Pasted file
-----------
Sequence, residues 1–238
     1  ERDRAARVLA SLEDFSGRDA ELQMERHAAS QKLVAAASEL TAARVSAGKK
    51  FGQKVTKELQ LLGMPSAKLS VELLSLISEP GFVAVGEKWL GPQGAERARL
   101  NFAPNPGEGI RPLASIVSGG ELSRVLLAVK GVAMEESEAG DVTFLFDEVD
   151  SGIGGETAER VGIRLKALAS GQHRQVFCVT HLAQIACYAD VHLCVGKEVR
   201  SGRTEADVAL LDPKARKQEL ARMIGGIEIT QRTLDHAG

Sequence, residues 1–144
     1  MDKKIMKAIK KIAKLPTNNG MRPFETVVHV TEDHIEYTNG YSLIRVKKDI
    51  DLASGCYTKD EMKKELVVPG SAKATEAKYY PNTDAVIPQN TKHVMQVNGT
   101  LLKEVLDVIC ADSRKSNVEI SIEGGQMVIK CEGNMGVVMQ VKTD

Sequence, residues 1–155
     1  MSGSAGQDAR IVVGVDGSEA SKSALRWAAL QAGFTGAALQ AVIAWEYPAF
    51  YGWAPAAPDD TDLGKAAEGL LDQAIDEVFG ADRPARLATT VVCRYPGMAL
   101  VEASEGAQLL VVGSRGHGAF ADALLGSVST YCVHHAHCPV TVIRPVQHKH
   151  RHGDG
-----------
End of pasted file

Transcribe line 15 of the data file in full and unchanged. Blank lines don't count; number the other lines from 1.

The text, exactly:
   151  RHGDG